This is a bill coming from the GOP??? and its pro transparent science?? Color me skeptical, but this looks like a good idea to me

Ordinary laws get boring names. The crazier the legislation, the more likely it'll be named something interesting-sounding that implies the opposite of what it does. Like "USA Patriot act".

Re:wait what? (1)

Charliemopps (1157495) | about 10 months ago | (#46195489)

This is a bill coming from the GOP??? and its pro transparent science?? Color me skeptical, but this looks like a good idea to me

It is, someone was thinking, and used the GOPs conspiracy theories to gain some traction on a legitimate piece of legislation. You can tell who the ideologs are here by all the leftists trying to shoot it down out of the gate just because it came from the republicans. This is the problem with a 2 party system.

Fuck Beta (-1)

Anonymous Coward | about 10 months ago | (#46194997)

Can you hear me now? Good.

Suddenly the opinion of the people matters? (1)

Opportunist (166417) | about 10 months ago | (#46195005)

90% of the Americans think it's a good idea so we should do it? Ask them about their opinion about bailouts, I guess you get a similar result for NO FUCKIN' WAY.

But aside of that, wouldn't that make it kinda hard to push intelligent design and other bull that's kinda hard to prove because "a wizard did it" isn't quite scientific?

Let's require this for ALL laws (1)

Anonymous Coward | about 10 months ago | (#46195009)

Actually, I think that this should be required for ALL laws. Every law should be justified, and should not rely on secret justifications or justifications that cannot be confirmed.

The GOP War on Science marches on. (1)

Anonymous Coward | about 10 months ago | (#46195015)

Environmental policy should be based on science and common sense. I would suggest we propose a similar criteria for a bill that regulates what may be taught to children: creationism or evolution. We can teach either one as long as all "scientific and technical information" is disclosed beforehand.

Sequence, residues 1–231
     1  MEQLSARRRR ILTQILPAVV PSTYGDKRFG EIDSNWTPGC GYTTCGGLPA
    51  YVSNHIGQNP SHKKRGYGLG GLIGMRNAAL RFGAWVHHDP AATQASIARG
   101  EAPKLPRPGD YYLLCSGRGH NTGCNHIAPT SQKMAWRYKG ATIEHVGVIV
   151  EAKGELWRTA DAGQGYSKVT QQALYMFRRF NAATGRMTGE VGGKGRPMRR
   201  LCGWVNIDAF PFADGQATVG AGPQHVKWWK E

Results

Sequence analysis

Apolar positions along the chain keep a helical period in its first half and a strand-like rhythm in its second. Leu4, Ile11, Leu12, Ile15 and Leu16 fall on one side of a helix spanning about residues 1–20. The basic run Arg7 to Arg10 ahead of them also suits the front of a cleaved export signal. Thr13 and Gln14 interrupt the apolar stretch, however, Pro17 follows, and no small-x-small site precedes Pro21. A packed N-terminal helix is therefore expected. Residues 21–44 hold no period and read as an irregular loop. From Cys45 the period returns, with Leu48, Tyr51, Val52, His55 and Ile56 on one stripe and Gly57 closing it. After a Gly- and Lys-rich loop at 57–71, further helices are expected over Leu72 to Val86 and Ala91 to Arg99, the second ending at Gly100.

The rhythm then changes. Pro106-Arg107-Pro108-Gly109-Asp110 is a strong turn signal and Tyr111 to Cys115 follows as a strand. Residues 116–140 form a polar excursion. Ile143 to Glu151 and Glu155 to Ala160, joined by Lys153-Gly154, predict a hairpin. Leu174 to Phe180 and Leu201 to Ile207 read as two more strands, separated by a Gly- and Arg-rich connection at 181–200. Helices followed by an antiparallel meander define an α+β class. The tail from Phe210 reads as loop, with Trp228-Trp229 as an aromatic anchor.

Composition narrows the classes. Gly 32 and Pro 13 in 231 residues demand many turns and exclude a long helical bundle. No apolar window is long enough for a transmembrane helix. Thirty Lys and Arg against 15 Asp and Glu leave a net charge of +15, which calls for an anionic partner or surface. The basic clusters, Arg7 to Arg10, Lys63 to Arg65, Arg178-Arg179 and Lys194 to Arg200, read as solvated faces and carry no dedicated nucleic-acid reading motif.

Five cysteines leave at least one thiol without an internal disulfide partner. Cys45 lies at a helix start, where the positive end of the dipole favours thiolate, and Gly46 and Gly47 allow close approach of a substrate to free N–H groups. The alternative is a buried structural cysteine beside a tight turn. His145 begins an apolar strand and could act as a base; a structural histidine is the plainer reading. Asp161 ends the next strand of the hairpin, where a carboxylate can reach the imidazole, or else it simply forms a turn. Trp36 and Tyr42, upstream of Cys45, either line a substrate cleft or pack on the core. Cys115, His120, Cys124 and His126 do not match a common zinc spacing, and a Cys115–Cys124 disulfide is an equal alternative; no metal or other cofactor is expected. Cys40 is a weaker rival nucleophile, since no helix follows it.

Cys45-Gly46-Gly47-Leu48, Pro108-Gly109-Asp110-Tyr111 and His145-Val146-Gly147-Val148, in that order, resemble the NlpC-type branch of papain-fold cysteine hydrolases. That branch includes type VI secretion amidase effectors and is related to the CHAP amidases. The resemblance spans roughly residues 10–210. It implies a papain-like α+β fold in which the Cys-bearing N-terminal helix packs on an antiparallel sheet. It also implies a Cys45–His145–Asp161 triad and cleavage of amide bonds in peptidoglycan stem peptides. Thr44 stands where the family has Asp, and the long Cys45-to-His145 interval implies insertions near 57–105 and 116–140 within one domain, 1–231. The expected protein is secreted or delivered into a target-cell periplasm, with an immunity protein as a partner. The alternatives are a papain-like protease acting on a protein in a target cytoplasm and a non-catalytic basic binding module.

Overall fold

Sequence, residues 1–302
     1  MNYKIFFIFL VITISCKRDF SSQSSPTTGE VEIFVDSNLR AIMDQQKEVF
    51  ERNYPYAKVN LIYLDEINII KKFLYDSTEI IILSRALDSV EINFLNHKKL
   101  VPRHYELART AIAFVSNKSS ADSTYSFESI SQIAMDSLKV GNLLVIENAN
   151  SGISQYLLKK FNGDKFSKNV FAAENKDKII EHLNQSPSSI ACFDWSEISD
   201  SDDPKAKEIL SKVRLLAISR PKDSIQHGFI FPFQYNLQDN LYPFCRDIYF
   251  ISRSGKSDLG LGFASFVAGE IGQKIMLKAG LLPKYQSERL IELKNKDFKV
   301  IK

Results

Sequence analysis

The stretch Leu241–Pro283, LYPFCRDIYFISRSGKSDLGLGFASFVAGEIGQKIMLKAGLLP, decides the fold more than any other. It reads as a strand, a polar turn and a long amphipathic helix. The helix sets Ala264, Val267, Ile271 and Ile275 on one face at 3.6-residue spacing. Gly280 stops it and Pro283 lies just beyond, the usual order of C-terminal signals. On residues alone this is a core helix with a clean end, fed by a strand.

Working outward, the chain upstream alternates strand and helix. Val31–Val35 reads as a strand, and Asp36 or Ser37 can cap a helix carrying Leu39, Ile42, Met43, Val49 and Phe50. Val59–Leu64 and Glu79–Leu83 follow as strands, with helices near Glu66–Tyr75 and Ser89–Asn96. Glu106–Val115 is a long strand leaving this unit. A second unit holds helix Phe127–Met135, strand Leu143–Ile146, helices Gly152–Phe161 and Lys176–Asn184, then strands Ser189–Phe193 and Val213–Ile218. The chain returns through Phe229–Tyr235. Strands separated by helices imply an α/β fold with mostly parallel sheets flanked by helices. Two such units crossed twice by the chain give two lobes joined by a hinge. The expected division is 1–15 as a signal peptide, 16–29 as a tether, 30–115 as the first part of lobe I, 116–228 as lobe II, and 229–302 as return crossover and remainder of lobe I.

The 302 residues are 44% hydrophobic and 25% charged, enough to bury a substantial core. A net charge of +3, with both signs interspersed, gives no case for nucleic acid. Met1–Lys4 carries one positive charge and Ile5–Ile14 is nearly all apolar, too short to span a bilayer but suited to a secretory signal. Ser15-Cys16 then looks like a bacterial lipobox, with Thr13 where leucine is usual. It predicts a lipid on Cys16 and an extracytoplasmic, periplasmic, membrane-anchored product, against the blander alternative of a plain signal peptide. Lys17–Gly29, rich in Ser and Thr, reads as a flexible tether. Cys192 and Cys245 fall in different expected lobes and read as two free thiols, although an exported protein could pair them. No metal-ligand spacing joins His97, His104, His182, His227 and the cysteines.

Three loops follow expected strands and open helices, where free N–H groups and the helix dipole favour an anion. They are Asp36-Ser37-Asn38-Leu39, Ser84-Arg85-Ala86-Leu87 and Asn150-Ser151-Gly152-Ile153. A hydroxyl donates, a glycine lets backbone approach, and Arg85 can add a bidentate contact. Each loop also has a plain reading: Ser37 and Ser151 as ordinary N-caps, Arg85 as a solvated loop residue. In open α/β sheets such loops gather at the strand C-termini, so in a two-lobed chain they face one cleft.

Re:The GOP War on Science marches on. (2, Insightful)

ganjadude (952775) | about 10 months ago | (#46195067)

why would you start this thread with "the GOP war on science marches on" when it is the GOP who is trying to bring transparency to science? In fact I believe this bill would in fact be used to stop ID from going further. I wonder if they didnt think that through

Re:The GOP War on Science marches on. (1)

Anonymous Coward | about 10 months ago | (#46195197)

It would put a stop to "Evolutionism". Try reproducing the evolution of humans from apes. Or any of the weird other things constituting our current world. You don't have the starting point, you don't have the necessary time, and the results will be entirely different each time anyway.

In contrast, the conclusions of "Intelligent Design" are perfectly reproducible: you come to the same conclusions each time.

Re:The GOP War on Science marches on. (0)

PRMan (959735) | about 10 months ago | (#46195239)

This assumes that Intelligent Design is the model with less observational evidence and more fairy tales. In reality, it's the other side where you often find stuff like this video. http://www.answersingenesis.or... [answersingenesis.org]

Re:The GOP War on Science marches on. (3, Informative)

Oligonicella (659917) | about 10 months ago | (#46195147)

The entire point of science is reproducibility.

Ken Ham (3, Insightful)

Anonymous Coward | about 10 months ago | (#46195153)

Did you see the debate between Ken Ham and Nye?

At the end, Ham said that they were using the same evidence but that the interpretations are just different. That's all. Ham is also one of the people who say that Evolution is in conflict with Faith. So, if you want to know one of the sources of all this needless conflict from the Religious Fundamentalist who are trying to teach Creationism in science class, look to him.